I felt sluggish today. I just wasn’t lighting up during the WOD. I also felt like something could be off in my back. So I took it easy, and I hate taking it easy. For me, a workout never happens in equipoise: it either lights me up or shuts me down. Today it shut me down. Nothing to do except let it go and try to get after it again tomorrow.
I have been doing extra strength work, which has been taking time away from mobilizing. I thought that that could be breaking me down a bit, so I refocused on mobilizing after class. I wandered into the back room, which is small and dark, like a makeshift high school weight room. Mukunda, his brother Ash, who just moved here from L.A., Anthony and Sean were back there. They were taking turns bench pressing at 115, going for volume and not weight, changing their hand grips from snatch width (about a foot wider than shoulder width), to bench press width (hands lined up with the outside of the shoulders), to narrow grip.
I was thinking about nutrition and thought that maybe I could pick their brains a bit. So I sat on a box, put a lacrosse ball under one of my hamstrings and started working the fascia against the ball. Ash was on the bench. He has the lean, ripped look of a male model. High chest, flat stomach with washboard abs, narrow waist with muscled hip flexors trailing into designer shorts. “Hey Ash, do you worry that Abercrombie is down a model when you’re here lifting?”
“I don’t think they worry too much about it anymore. They ended that program a few years ago.”
“Wait, you actually were an Abercrombie and Fitch model?”
“Oh, ya. I did a bunch of store openings back before they got sued.”
“Sued for what?”
“For only hiring people who look like him,” Anthony said.
Mukunda owns a half dozen coffee shops and a bakery. “We’re going to put Ash out in front of our stores wearing just jean shorts, a cowboy hat and boots and have him offer donut holes to customers.”
“You should. Be a shame to waste him at corporate,” said Sean, who was now taking his turn on the bench. Ash now had a couple of 5 lb. plates and was doing an exercise like a bird flapping its wings.
“Ash,” I said, “you aren’t working out. You’re just flexing your muscles.”
“That’s what he does,” said Mukunda. “He hasn’t worked out in a year.”
“Ya, I just work on flexing, and not the bigger muscles, only the ones just under the skin. I don’t have a great muscle to strength ratio.”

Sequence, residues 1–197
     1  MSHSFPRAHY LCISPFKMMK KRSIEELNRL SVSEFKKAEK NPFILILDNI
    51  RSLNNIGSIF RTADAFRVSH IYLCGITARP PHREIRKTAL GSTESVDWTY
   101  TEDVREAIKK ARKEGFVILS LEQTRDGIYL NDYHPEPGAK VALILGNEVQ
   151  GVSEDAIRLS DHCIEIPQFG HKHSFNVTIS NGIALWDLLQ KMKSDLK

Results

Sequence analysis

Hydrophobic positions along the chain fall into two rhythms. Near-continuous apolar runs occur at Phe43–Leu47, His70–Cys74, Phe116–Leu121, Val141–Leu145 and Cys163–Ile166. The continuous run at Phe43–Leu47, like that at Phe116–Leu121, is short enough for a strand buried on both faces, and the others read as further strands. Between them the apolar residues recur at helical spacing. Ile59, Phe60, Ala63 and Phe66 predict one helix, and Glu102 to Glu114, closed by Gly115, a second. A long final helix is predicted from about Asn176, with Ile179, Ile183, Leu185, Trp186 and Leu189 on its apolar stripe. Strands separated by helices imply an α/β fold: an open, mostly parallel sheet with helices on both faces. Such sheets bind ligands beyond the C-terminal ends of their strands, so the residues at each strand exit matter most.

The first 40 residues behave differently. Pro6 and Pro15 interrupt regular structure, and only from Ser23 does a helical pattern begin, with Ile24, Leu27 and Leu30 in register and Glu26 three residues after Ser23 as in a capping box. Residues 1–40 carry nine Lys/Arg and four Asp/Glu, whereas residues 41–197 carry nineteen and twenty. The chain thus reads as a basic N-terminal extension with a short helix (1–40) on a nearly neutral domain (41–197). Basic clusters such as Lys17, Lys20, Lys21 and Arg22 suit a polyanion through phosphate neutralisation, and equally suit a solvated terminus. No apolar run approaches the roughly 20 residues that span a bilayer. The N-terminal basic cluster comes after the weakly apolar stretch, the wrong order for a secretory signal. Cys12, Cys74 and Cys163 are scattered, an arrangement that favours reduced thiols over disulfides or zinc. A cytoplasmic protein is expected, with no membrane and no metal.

“But you probably have a pretty good muscle to sex ratio,” I said.
“Wait, hold on” said Sean. “I thought all of us were just working on our muscle to sex ratios. Have I been doing it wrong?”
Sean and Anthony, meanwhile, were doing a workman like job with the benching. “Hey Anthony, what should I put in my protein shake?”
“I don’t know. Dragon sperm?”
“I have a moral objection to that suggestion. I’m a vegetarian.”
“Well I don’t think they have to kill the dragon to get its sperm.”
“Do you know much about nutrition?” I asked, attempting to segue from dragon sperm back to nutrition. In that room, the maneuver had a high degree of difficulty.
“I focus on macros and timing.”
“How did you learn to do that?”
“I guess I just talked to people here.”
“Certainly not to Ash,” said Mukunda. “My brother has been living on nothing but skinless chicken and diet sprite for years.” He paused. “The thing about nutrition is that our genetic makeups are all so different. The thing you want to avoid is inflammation, but it’s hard to know what triggers an inflammatory response.”
“Oh I know,” said Sean. “Double unders. I hate those goddam things. They get me inflamed every time.”
By now I had tied a mobility band to a post and was using it to stretch my hamstrings. “How do you find out your genetic makeup,” I asked.
“Sperm sample,” said Anthony. “Just don’t get it mixed up with the dragon’s.”
“I don’t know,” said Mukunda, “they might be similar.”
“Are you basing that on Tony’s breath or his skin?” Asked Sean.
“Hey Tony, what is that tattoo on your back?” asked Anthony, who had just noticed it.
“It’s a Japanese symbol. It means ‘dragon sperm.’” I gathered my empty protein smoothie container and other things to leave. “Gentlemen, I came in here hoping to pick your brains about nutrition. Thank you, for nothing.”
Sean was laughing as he picked up his things to leave. “It was our pleasure, Tony. Come on back next time we’re here and we can pick up right where we left off.”
I headed out to the front room as they went out the back door. My back still felt a bit off, and I hadn’t learned anything useful about nutrition, but somehow I still felt a whole lot better.